fellow men, many, like Achan, feel secure, and flatter themselves

that God will not be strict to mark iniquity. All too late their sins

will find them out in that day when they shall not be purged with

sacrifice or offering forever. When the records of heaven shall be

opened, the Judge will not in words declare to man his guilt, but

will cast one penetrating, convicting glance, and every deed,

every transaction of life, will be vividly impressed upon the

memory of the wrongdoer. The person will not, as in Joshua’s

day, need to be hunted out from tribe to family, but his own lips

will confess his shame. The sins hidden from the knowledge of

men will then be proclaimed to the whole world.

How will the Righteous fair in the Judgement?

How will the Wicked fair in the Judgement?


“Whosoever committeth sin, transgresseth also the law;

for sin is the transgression of the law.”

1 John 3:4.

“But if ye have respect to persons, ye commit sin, and are


convinced of the law as transgressors . . For He that said [mar-

gin, that law which said], Do not commit adultery, said also, Do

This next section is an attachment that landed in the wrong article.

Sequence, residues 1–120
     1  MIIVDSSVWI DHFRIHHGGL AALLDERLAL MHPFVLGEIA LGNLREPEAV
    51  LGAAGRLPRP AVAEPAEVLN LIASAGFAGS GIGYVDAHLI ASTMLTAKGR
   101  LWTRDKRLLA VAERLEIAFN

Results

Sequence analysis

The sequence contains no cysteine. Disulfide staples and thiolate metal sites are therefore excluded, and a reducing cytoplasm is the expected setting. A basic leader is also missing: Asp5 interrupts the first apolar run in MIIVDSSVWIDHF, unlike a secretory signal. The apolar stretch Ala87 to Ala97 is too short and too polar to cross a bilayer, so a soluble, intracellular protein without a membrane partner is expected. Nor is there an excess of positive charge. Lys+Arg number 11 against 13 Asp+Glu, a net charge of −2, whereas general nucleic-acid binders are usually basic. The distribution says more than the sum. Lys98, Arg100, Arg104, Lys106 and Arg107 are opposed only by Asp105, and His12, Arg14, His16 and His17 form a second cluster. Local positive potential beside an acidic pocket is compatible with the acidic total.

not kill. Now if thou commit no adultery, yet if thou (till, thou art

become a transgressor of the law.” James 2:9, 11.

“Therefore by the deeds of the law there shall no flesh be


in His sight; for by the law is the knowledge of sin.”

Romans 3:20.

“I had not known sin, but by the law; for I had not known


except the law had said, Thou shaft not covet” Romans


“Repent ye therefore, and be converted, that your sins may

be blotted out.”

Acts 3:19


“When I kept silence, my bones waxed old through my roar-

ing all the day long. For day and night thy hand was heavy upon

me: my moisture is turned into the drought of summer.”



“I acknowledged my sin unto Thee, and mine iniquity have

I not hid. I said, I will confess my transgressions unto the Lord;

and Thou forgavest the iniquity of my sin.”

Psalm 32:5.

“If any man sin, we have an advocate with the Father, Jesus

Christ the righteous.”

1 John 2:1.

“And all the people said unto Samuel, Pray for thy servants

unto the Lord thy God, that we die not; for we have added unto all

our sins this evil, to ask us a king.” 1 Samuel 12:19.

“Have mercy upon me, 0 God, according to Thy loving kindness:

according unto the multitude of Thy tender mercies blot

out my transgressions.”

Psalm 51:1.

“For it is written, As I live, saith the Lord, every knee shall

bow to Me, and every tongue shall confess to God. So then every

one of us shall give account of himself to God.” Romans 14 11-12.